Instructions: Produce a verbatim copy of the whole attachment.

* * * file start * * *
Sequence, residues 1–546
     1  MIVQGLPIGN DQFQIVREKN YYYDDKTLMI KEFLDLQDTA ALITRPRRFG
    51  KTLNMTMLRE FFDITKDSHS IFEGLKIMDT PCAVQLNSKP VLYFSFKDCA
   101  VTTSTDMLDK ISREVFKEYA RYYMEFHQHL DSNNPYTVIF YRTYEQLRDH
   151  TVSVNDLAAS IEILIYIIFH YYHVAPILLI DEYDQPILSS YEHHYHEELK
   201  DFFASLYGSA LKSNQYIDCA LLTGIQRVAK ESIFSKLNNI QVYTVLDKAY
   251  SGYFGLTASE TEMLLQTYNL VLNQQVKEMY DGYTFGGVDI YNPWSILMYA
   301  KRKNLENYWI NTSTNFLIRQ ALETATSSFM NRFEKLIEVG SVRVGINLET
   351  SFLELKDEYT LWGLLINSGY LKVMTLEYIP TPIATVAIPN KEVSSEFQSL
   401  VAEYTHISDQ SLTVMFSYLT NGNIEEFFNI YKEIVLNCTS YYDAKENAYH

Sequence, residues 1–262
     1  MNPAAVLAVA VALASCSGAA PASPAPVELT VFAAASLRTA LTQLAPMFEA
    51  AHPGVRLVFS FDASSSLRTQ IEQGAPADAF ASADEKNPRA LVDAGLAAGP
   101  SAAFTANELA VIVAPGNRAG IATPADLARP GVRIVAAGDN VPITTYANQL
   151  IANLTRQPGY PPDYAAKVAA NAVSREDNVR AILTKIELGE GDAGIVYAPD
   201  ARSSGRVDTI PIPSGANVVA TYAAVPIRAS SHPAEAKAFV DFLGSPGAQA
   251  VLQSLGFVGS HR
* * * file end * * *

Sequence, residues 1–546
     1  MIVQGLPIGN DQFQIVREKN YYYDDKTLMI KEFLDLQDTA ALITRPRRFG
    51  KTLNMTMLRE FFDITKDSHS IFEGLKIMDT PCAVQLNSKP VLYFSFKDCA
   101  VTTSTDMLDK ISREVFKEYA RYYMEFHQHL DSNNPYTVIF YRTYEQLRDH
   151  TVSVNDLAAS IEILIYIIFH YYHVAPILLI DEYDQPILSS YEHHYHEELK
   201  DFFASLYGSA LKSNQYIDCA LLTGIQRVAK ESIFSKLNNI QVYTVLDKAY
   251  SGYFGLTASE TEMLLQTYNL VLNQQVKEMY DGYTFGGVDI YNPWSILMYA
   301  KRKNLENYWI NTSTNFLIRQ ALETATSSFM NRFEKLIEVG SVRVGINLET
   351  SFLELKDEYT LWGLLINSGY LKVMTLEYIP TPIATVAIPN KEVSSEFQSL
   401  VAEYTHISDQ SLTVMFSYLT NGNIEEFFNI YKEIVLNCTS YYDAKENAYH

Sequence, residues 1–262
     1  MNPAAVLAVA VALASCSGAA PASPAPVELT VFAAASLRTA LTQLAPMFEA
    51  AHPGVRLVFS FDASSSLRTQ IEQGAPADAF ASADEKNPRA LVDAGLAAGP
   101  SAAFTANELA VIVAPGNRAG IATPADLARP GVRIVAAGDN VPITTYANQL
   151  IANLTRQPGY PPDYAAKVAA NAVSREDNVR AILTKIELGE GDAGIVYAPD
   201  ARSSGRVDTI PIPSGANVVA TYAAVPIRAS SHPAEAKAFV DFLGSPGAQA
   251  VLQSLGFVGS HR